The opposite of values is a lack of values clarity. When unsure of what they value, individuals act not from a place of personal choice and meaning but a place of avoidance (e.g., to avoid looking bad), social compliance (e.g., to appease family or friends), or fusion (e.g., obeying the mind’s unhelpful rules). Ultimately, these behavioral choices lead to greater inflexibility and being further from what matters.
- Committed action involves the development of behavioral patterns that support one’s chosen values. It entails a willingness to experience unwanted or intrusive thoughts and emotions and to nonetheless engage in values-driven behaviors. Staying mindful and flexible in response to internal experiences is essential, as doing so increases one’s ability to stay connected to personal values. If values represent the direction in which one moves, then committed action is the mapping and commencement of the journey. Importantly, a successful journey is not achieved by reaching a destination. Instead, success is experienced every time one commits to and acts in service of his or her values.
The opposite of committed action is inaction, impulsivity, or avoidant persistence, each of which reflects an incapacity to engage in values-based behaviors. This is due to experiential avoidance, loss of contact with the present moment, and an attachment to the conceptualized self.
ACT Applied to Acceptance and Commitment Coaching (ACC)
Researchers have highlighted several benefits of applying ACT in the coaching context (i.e., ACC). Perhaps most importantly, ACC is evidence-based coaching, as it has a strong theoretical underpinning (i.e., psychological flexibility) that applies to various contexts in both clinical and non-clinical populations (Bond & Bunce, 2000; Flaxman & Bond, 2010; Hayes et al., 2011). Consequently, any ACT-based intervention can explore whether changes in client outcomes, such as performance, well-being, or goal attainment, resulted from a shift in psychological flexibility (Skews & Palmer, 2016). In addition, ACC uses mindfulness and acceptance processes to achieve improvements by focusing on decreasing emotional reactivity and accepting events as they occur (Cavanagh & Spence, 2013; Skews & Palmer, 2016). Such mindfulness methods have already been successfully used in occupational coaching (Hall, 2013) and sports psychology (Gardner & Moore, 2004).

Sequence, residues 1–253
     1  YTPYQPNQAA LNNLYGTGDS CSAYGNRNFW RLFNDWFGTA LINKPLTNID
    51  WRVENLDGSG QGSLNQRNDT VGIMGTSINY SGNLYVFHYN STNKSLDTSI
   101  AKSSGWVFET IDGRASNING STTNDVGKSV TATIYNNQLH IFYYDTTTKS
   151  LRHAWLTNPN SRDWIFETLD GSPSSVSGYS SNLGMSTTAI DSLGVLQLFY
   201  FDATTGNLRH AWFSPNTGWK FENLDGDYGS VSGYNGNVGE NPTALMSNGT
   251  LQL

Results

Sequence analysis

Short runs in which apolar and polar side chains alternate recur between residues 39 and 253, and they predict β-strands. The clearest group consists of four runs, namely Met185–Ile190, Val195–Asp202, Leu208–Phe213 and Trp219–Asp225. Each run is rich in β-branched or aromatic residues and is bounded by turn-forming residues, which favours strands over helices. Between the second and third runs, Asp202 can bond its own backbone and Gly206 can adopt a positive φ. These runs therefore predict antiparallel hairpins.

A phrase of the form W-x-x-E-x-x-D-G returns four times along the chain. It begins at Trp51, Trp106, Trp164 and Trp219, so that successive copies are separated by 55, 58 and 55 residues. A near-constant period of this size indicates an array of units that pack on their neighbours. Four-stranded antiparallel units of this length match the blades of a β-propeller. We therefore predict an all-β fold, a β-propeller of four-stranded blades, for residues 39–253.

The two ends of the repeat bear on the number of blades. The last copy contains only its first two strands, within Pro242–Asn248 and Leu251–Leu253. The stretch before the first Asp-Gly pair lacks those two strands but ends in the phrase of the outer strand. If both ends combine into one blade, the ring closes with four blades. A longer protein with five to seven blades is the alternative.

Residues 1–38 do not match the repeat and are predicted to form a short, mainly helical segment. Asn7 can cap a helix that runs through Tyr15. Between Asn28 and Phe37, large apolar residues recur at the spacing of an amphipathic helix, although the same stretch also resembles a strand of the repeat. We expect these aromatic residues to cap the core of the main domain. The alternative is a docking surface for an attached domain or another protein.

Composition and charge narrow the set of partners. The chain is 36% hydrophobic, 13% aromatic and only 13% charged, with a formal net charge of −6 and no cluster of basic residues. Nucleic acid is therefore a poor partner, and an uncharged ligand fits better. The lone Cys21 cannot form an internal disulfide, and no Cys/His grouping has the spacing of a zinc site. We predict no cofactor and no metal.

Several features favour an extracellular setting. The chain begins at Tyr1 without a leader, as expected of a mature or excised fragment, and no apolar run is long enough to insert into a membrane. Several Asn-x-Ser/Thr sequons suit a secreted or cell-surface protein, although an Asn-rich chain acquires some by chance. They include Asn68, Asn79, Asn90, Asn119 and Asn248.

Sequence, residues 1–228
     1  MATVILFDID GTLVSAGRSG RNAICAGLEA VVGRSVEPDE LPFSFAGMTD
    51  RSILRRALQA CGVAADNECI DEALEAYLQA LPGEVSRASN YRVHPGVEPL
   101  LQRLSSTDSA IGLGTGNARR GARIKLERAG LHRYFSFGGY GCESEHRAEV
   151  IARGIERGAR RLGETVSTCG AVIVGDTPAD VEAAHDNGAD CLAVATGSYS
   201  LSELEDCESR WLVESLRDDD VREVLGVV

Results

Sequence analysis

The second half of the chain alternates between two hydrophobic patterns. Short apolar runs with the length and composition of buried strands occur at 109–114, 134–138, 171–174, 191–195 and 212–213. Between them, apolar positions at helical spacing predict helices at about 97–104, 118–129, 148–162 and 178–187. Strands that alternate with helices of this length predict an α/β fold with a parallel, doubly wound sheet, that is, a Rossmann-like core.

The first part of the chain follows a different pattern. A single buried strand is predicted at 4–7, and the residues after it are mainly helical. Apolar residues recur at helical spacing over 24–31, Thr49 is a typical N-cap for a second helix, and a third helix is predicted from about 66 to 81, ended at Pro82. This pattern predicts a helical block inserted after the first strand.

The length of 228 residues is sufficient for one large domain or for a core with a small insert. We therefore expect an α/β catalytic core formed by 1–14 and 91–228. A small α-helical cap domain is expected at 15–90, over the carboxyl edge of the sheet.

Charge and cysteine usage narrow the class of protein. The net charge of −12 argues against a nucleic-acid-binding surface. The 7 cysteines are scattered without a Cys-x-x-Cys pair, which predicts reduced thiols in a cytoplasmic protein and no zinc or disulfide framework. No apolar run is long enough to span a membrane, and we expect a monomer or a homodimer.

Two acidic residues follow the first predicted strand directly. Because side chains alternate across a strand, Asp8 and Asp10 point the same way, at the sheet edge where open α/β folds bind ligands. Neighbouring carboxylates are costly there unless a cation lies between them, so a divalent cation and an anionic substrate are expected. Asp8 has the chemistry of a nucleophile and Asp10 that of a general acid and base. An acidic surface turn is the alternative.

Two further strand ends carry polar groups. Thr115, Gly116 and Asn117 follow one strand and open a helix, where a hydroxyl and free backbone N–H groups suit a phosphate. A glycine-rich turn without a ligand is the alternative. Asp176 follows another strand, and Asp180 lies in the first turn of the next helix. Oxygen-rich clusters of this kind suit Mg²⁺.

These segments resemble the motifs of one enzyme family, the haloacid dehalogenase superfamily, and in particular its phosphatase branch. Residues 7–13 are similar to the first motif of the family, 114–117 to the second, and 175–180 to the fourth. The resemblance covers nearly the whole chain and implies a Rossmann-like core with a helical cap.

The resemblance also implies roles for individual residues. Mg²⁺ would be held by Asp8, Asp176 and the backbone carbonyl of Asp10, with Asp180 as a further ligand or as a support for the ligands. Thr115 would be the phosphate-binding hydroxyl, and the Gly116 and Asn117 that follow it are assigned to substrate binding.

What the Research Says
Over 200 randomized controlled trials examining the effectiveness of ACT on a variety of outcomes, such as work stress, anxiety, mood problems, and substance misuse, have shown it to be at least as effective as previously established protocols, like cognitive behavioral therapy (Hill & Oliver, 2019). Additionally, research has shown psychological flexibility to predict performance outcomes such as employee innovation, new skill learning, higher perceived job control, reduced absenteeism rates, general mental health, stress, burnout, and overall well-being (Hayes et al., 2006; Hill & Oliver, 2019). To date, only one ACC coaching intervention has been formally evaluated, and the findings showed significant effects on well-being, proactivity, self-efficacy, and goal achievement (Skews, 2018).
Acceptance and Commitment Coaching Has a Bright Future Ahead of It
Although research on ACC is in its infancy, ACC holds great promise for future clients in the coaching community, given its strong, evidence-based foundation. In today’s world of “positive vibes only” and the incessant pursuit of happiness—as though happiness were a tangible destination—ACC stands to liberate clients from these unrealistic standards by empowering them to co-exist with their thoughts, emotions, and self-stories, neutralize their influence, and actively choose to live by what matters most.